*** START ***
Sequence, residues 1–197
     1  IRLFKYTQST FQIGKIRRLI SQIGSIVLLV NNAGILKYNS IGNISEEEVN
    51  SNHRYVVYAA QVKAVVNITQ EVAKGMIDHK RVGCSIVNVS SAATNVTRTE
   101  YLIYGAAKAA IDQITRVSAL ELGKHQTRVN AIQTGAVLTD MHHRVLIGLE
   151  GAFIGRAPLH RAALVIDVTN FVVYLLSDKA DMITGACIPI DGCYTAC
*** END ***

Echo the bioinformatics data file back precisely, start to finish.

Sequence, residues 1–197
     1  IRLFKYTQST FQIGKIRRLI SQIGSIVLLV NNAGILKYNS IGNISEEEVN
    51  SNHRYVVYAA QVKAVVNITQ EVAKGMIDHK RVGCSIVNVS SAATNVTRTE
   101  YLIYGAAKAA IDQITRVSAL ELGKHQTRVN AIQTGAVLTD MHHRVLIGLE
   151  GAFIGRAPLH RAALVIDVTN FVVYLLSDKA DMITGACIPI DGCYTAC